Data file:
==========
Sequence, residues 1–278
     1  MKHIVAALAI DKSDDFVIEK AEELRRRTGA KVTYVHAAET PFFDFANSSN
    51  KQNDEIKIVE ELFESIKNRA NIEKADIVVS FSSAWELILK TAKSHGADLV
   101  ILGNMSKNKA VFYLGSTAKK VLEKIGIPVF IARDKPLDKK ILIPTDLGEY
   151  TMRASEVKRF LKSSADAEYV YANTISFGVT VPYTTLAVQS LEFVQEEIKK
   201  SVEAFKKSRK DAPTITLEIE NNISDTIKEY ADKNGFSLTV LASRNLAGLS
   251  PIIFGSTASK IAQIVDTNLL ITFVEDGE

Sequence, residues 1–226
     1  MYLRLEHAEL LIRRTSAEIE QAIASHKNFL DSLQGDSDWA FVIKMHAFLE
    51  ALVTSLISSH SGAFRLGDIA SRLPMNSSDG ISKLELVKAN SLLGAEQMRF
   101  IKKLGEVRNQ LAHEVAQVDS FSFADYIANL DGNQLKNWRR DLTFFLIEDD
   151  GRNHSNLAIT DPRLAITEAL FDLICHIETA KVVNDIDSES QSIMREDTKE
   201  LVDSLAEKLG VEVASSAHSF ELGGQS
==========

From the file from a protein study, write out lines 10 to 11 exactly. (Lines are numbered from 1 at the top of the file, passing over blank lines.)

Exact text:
    51  ALVTSLISSH SGAFRLGDIA SRLPMNSSDG ISKLELVKAN SLLGAEQMRF
   101  IKKLGEVRNQ LAHEVAQVDS FSFADYIANL DGNQLKNWRR DLTFFLIEDD